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  1. I've been thinking of the same things, and while I have not yet tried it out, I will be packing 10 rolls of Ektar in my bag when I go off in a few days, along with some Velvia 50, just because I've always wanted to try it. From what I read, Ektar is the closest thing to transparency in terms of contrast and saturation. My camera shop sales guy kept trying to push Kodak Portra in 160, 400 and 800 ISO but I don't think it will match my desired style. Hopefully I will have some semi-decent results to show for it
  2. Resurrecting a very old thread, but have a highly related question. Would I be asking for trouble trying to do a split over/under photo with this lens (the S&S version)?
  3. $3000 may be enough, but it's way more than what I'm willing to plunk on it at this point. And I certainly agree with your last point, which makes it even harder to justify spending tons of money For now, I'll focus on reading tips and looking over all the beautiful photos with the sole purpose of stealing ideas for my upcoming trip GoPro and a rusty Nikonos will have to do.
  4. I'm a newbie, and have a Nikonos V with 35mm and 15mm lenses, and a single SB-105 strobe in my arsenal. Never tried shooting Velvia 50 before, but am tempted. Will it give me good results or will I struggle with insufficient light? I'm planning to do some shallow dives with rays and sharks, and but may venture out deeper to some sea mounts (25-35m).
  5. My local Nikon service centre quoted me $150 for servicing the Nikonos V. It's only slightly less than this camera can be purchased for on eBay, but when you buy it used, you really have no idea how well it was treated over the years and if those O-rings were ever greased.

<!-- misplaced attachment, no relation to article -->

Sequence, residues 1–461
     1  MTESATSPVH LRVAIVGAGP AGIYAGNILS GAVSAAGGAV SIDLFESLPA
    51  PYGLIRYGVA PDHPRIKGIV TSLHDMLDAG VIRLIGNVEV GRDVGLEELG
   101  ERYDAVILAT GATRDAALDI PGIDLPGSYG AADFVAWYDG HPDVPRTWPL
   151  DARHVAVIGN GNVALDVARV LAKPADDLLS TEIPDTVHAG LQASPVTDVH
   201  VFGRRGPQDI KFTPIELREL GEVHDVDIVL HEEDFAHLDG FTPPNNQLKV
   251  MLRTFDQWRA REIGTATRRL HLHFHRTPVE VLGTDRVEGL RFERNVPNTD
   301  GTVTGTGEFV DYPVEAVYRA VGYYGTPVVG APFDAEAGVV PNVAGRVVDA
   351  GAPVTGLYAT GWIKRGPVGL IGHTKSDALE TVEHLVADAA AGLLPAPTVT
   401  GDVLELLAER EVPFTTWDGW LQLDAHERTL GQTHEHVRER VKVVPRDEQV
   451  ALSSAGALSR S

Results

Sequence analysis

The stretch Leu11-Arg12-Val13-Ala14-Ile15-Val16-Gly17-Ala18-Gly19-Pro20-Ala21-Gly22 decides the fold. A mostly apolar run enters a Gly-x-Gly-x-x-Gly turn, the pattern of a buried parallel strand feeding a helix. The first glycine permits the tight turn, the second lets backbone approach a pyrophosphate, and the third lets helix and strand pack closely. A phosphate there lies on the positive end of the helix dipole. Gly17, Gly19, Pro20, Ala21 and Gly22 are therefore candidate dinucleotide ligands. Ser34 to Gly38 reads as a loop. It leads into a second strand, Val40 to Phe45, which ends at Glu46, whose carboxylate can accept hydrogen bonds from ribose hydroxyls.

6. That confirms my fears I might just borrow an old Nikonos from a friend, and see what happens. The multi thousand dollar set ups would bite into my snowboarding fund (hey, at least we have snowy winters here ). If Damselfish says compacts tend to do better in macro and not as well in wide angle - that is a bit disappointing, as macro is what I'm interested the least. The Nikonos has a 15mm lens so that should be nice and wide. Just wish I didn't have to deal with processing film.
  7. I enjoy photography as a hobby and mainly use it in as a way to document my travels with varying degrees of artistic efforts. A little less than a year ago I tried scuba diving and it was love at first sight. Naturally, I have a great desire to bring photography into the mix. The problem is that I live near the cold and boring Great Lakes and only venture out to warm seas once or twice a year. While I have spent more than I'd like to admit on my photo gear so far, it's hard to justify the steep costs of underwater gear when I can only use it a couple of weeks a year. I have a Nikon D7000, and it looks like the Ikelite housing for it goes for about $1500. Plus it's huge. Another camera I have is a Fuji X100s, but there is no housing for it as far as I know. Then there are the strobes. I've actually inherited a Nikonos SB-105 from a friend, and I think I could use it with digital cameras, but with limited functionality, and the better modern ones seem to be well over $500. What kind of money can I realistically expect to spend on gear that will produce photos on the same quality level as my X100s/D7000? I have a suspicion that after all is said and done (housings, strobes, shipping, taxes) I will probably have spent close to $5K. At that point, I think I'll just throw a red filter on my GoPro and be content with that. What other inexpensive options do I have? Under $1K for a kit that's basic, but covers all the ... basics.
  8. Aside from smaller groups, I think it also helps that underwater you can take advantage of other photographers as subjects, too, at least for some types of shots.
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